René Descartes (1596–1650) was one of the leading mathematicians, philosophers, and scientists of his day. He was a contemporary of Pascal and Fermat.

Descartes was born in 1596 in France in the village now named after him. His mother died at an early age, and Descartes got into the habit of rising very late in the morning. When he grew up, he became a mercenary soldier. The Thirty Years War was raging at the time, and Descartes would end up fighting for both sides. While serving in the Bavarian army in 1619, he had a vision that pointed him towards the invention of analytic geometry. He moved to Holland in 1628 and over the next 20 years would write several revolutionary works about mathematics and philosophy.

Among his many contributions to mathematics, the most significant is the invention of analytic geometry, also known as coordinate geometry or Cartesian geometry. This he published in La géométrie, which was published in 1637 as an appendix to his magnum opus, Discours de la méthode pour bien conduire sa raison et chercher la vérité dans les sciences.

Analytic geometry is geometry that uses a coordinate system and allows lines, curves, and other geometric objects to be treated algebraically. Thus, it provides a mapping, a link, between algebra and geometry. This often allows an insight into geometric problems that is not available geometrically. For example, Descartes was able to suggest that two of the three construction problems of antiquity—those of duplicating the cube and trisecting the angle—were impossible, an insight not possible by treating the problems geometrically.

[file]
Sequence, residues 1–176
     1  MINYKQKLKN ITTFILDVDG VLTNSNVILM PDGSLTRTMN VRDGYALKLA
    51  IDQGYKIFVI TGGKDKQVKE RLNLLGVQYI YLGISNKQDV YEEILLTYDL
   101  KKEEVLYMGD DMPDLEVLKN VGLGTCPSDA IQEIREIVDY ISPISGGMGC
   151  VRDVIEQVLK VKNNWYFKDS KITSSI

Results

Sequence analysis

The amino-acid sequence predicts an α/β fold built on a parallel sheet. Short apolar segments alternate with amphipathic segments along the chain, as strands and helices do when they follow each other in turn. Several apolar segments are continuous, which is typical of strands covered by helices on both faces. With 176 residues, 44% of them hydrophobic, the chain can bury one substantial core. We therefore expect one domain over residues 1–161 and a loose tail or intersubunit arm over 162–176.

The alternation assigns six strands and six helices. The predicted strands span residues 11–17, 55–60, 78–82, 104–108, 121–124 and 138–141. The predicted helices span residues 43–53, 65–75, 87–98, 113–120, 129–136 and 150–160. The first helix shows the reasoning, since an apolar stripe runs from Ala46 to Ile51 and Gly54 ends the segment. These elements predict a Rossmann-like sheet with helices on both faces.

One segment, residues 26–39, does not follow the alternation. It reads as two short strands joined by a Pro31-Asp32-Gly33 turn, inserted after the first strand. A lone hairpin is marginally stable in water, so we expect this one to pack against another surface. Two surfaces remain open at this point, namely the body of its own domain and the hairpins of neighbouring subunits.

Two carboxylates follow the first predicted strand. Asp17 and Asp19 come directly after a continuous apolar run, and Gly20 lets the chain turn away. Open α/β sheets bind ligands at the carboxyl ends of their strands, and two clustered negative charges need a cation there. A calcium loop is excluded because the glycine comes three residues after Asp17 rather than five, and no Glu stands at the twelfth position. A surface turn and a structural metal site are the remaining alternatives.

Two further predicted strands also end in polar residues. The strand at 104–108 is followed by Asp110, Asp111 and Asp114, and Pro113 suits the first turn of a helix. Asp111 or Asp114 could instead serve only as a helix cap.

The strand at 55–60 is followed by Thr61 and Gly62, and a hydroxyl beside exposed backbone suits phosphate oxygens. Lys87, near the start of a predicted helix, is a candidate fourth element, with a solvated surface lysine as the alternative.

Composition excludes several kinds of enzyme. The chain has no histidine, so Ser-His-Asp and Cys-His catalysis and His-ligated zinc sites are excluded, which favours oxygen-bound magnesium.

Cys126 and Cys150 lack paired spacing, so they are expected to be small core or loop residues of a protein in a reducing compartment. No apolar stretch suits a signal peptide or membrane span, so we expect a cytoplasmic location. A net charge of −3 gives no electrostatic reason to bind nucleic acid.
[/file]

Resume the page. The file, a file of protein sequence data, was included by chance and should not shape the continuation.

One of the interesting things about La géométrie is that it is the first mathematical work that a modern mathematician would be able to understand without difficulty. Most of the symbols in it are the same as those used today, except for the equals sign that Descartes used.

Sources used (see bibliography page for titles corresponding to numbers): 38.